Peace and Conflict International celebrates International Peace Day

Mike Suechting

The Peace and Conflict International organization celebrated International Peace Day by hosting a screening of Jeremy Gilley’s documentary “The Day after Peace” on Tuesday.

There were 65 students and community members who attended the screening, which “is a better turn out than last year,” said Peace and Conflict International President Kayla Wright.

The United Nations General Assembly started International Peace Day in 1981 in conjunction with the United Kingdom and Costa Rica.

With the help of Gilley, the three sponsors set International Peace Day for Sept. 21 and declared it as an international ceasefire day.

“There has never been a day in the history of humankind where the global community hasn’t killed each other,” Gilley said in the film.

The documentary showed the struggles and achievements of Gilley’s 10-year journey to promote peace and make International Peace Day a globally recognized day.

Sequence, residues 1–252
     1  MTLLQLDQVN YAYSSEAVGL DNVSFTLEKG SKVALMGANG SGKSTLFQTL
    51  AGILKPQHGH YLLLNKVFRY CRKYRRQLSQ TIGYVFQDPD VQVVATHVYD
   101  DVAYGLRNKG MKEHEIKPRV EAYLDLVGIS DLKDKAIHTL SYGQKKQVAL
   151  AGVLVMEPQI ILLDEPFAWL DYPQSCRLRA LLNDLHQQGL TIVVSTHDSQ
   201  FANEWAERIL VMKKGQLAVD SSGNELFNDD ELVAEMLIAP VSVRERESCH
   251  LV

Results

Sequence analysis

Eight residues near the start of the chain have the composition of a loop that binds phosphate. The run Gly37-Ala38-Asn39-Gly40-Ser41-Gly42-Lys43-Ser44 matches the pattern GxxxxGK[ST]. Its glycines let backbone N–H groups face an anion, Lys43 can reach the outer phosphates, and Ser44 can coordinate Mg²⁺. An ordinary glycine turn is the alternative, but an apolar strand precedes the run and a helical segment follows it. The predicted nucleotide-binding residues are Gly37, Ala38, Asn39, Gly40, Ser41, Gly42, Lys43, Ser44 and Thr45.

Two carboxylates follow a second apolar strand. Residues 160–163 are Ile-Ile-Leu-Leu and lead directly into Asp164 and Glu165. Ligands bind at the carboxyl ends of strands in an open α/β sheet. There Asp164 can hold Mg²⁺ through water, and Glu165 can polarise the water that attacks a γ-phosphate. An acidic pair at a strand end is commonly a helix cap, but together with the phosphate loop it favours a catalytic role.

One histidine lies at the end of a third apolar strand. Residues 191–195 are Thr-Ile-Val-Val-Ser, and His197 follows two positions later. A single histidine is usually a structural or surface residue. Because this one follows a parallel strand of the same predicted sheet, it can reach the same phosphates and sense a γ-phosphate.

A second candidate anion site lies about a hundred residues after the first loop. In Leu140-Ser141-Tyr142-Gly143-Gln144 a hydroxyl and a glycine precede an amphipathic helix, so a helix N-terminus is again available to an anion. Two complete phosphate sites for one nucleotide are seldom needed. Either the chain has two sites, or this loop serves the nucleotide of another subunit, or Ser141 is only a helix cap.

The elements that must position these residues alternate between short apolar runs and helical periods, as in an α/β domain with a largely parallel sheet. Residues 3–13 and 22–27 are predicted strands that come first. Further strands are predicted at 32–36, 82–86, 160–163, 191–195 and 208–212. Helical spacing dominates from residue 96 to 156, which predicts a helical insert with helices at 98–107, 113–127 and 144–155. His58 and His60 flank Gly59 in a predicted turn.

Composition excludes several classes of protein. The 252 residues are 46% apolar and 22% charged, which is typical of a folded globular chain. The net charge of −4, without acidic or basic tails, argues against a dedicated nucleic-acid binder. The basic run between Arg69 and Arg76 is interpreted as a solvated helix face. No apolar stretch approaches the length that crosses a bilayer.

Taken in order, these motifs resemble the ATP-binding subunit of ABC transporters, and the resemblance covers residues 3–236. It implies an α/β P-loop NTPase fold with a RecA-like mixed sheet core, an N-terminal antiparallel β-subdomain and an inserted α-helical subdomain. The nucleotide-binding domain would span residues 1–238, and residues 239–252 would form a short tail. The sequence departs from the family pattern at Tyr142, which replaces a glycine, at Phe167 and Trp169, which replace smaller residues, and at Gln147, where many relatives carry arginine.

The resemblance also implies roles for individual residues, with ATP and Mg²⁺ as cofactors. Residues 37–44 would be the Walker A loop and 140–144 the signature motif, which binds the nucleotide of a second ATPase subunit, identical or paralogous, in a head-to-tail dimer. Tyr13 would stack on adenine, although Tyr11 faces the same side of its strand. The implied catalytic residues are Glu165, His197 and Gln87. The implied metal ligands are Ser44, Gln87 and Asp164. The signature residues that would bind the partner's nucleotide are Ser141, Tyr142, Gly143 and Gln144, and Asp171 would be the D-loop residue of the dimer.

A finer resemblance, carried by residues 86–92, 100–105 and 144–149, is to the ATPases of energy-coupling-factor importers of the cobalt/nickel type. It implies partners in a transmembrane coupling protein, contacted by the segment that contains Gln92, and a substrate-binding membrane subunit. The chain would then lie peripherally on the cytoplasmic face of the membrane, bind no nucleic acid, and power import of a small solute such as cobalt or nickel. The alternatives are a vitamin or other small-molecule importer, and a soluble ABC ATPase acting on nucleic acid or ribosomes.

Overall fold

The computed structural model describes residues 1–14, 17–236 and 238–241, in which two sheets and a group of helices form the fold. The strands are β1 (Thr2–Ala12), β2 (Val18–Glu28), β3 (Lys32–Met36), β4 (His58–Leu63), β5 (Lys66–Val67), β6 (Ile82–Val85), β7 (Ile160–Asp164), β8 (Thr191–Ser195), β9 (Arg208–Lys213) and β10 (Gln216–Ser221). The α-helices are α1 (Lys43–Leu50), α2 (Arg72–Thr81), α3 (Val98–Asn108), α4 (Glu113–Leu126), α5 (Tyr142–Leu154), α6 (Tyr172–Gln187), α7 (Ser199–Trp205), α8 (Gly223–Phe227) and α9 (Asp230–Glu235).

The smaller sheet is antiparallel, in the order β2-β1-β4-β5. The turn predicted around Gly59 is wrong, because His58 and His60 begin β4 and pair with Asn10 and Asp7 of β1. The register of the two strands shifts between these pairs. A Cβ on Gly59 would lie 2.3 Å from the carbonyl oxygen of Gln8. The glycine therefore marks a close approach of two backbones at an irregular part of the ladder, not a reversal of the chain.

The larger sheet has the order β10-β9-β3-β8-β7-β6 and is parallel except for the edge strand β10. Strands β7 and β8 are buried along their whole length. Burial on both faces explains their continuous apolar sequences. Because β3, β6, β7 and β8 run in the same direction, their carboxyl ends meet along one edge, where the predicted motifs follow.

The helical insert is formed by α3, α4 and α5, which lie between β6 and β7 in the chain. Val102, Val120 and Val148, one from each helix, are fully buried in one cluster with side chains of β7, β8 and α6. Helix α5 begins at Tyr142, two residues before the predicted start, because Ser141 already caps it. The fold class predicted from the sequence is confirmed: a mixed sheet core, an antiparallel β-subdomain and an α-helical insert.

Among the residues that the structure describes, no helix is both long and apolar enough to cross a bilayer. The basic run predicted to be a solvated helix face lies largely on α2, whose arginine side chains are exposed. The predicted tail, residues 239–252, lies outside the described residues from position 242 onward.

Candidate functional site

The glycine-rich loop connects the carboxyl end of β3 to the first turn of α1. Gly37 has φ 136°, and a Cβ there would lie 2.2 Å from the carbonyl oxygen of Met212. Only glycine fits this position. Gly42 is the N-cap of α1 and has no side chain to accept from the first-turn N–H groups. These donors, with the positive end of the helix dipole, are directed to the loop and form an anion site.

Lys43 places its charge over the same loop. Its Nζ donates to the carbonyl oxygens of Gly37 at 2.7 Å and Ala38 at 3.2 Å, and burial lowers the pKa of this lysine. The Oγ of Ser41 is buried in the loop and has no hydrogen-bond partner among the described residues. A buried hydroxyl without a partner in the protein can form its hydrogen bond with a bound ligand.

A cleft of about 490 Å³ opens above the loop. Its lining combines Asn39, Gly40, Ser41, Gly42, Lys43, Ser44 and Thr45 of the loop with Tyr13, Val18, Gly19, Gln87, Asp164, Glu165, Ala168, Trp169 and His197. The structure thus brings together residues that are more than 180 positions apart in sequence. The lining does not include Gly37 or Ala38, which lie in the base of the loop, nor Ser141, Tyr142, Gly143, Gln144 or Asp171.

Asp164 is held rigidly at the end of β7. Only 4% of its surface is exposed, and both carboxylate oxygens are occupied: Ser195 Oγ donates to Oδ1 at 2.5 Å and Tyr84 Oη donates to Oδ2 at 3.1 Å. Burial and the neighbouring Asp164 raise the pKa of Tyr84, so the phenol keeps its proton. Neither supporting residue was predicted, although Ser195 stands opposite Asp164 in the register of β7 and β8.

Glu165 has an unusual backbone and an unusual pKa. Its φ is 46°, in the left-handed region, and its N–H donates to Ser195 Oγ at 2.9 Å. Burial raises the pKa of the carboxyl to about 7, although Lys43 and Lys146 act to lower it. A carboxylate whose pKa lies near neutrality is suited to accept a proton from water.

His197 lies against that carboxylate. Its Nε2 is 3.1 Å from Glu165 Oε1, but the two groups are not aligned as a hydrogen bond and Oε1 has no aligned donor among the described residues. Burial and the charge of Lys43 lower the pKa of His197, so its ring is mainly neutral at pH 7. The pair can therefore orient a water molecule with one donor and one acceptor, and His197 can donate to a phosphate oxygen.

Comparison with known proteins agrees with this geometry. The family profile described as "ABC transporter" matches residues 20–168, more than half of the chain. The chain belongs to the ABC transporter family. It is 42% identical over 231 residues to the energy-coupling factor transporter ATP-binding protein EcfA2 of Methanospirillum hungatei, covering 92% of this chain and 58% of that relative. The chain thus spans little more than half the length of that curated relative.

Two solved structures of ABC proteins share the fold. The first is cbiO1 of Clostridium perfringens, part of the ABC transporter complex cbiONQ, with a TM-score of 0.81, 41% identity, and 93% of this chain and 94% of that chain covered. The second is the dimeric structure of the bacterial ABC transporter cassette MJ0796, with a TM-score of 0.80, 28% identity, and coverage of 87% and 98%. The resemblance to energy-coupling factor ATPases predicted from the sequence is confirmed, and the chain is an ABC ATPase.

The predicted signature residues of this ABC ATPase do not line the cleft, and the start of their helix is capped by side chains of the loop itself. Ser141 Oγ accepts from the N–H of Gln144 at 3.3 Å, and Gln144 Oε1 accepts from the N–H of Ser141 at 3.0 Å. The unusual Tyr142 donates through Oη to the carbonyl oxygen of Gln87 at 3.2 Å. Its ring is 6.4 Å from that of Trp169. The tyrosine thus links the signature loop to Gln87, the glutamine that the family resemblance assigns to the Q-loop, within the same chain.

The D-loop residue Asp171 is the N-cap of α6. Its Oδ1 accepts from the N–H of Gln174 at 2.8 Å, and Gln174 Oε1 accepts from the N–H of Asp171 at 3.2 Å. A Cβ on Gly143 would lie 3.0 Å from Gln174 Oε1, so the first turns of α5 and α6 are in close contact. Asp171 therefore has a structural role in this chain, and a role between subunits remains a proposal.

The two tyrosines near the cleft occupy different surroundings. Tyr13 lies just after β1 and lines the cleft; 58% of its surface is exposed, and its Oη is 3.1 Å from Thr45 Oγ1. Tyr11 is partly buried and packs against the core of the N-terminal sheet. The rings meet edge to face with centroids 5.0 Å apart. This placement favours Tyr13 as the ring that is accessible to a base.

Gilley formed an organization called Peace One and it promotes peace day around the world.

“Over 100 million people in over 100 countries are marking the day today in many different ways,” Gilley said in the film.

Event Coordinator and Vice President Rachel Menz said the club wants to promote Gilley’s message and get more people involved with promoting peace.

Following the film, members of the organization and government professor and faculty advisor David Andersen led a discussion with the audience.

The final discussion point, “Do you think Peace One Day is possible?” saw the most audience participation.

“To be honest, before the movie I thought no, but after watching the movie I think it maybe possible,” said Mayra Ramirez, government and ethnic studies major.

After the discussion, people moved upstairs for a reception where the organization served food, drinks and listened to three poets reciting personal works related to peace and conflict.

Members of the organization stressed the importance of peace and often referred to the movie during the reception.

Peace “is our moral responsibility, just to make an attempt. There is no question whether it is achieved in our life time or not,” the Dalai Lama said in the film, “We are human beings and we have the responsibility to show the right path.”

Mike Suechting can be reached at [email protected]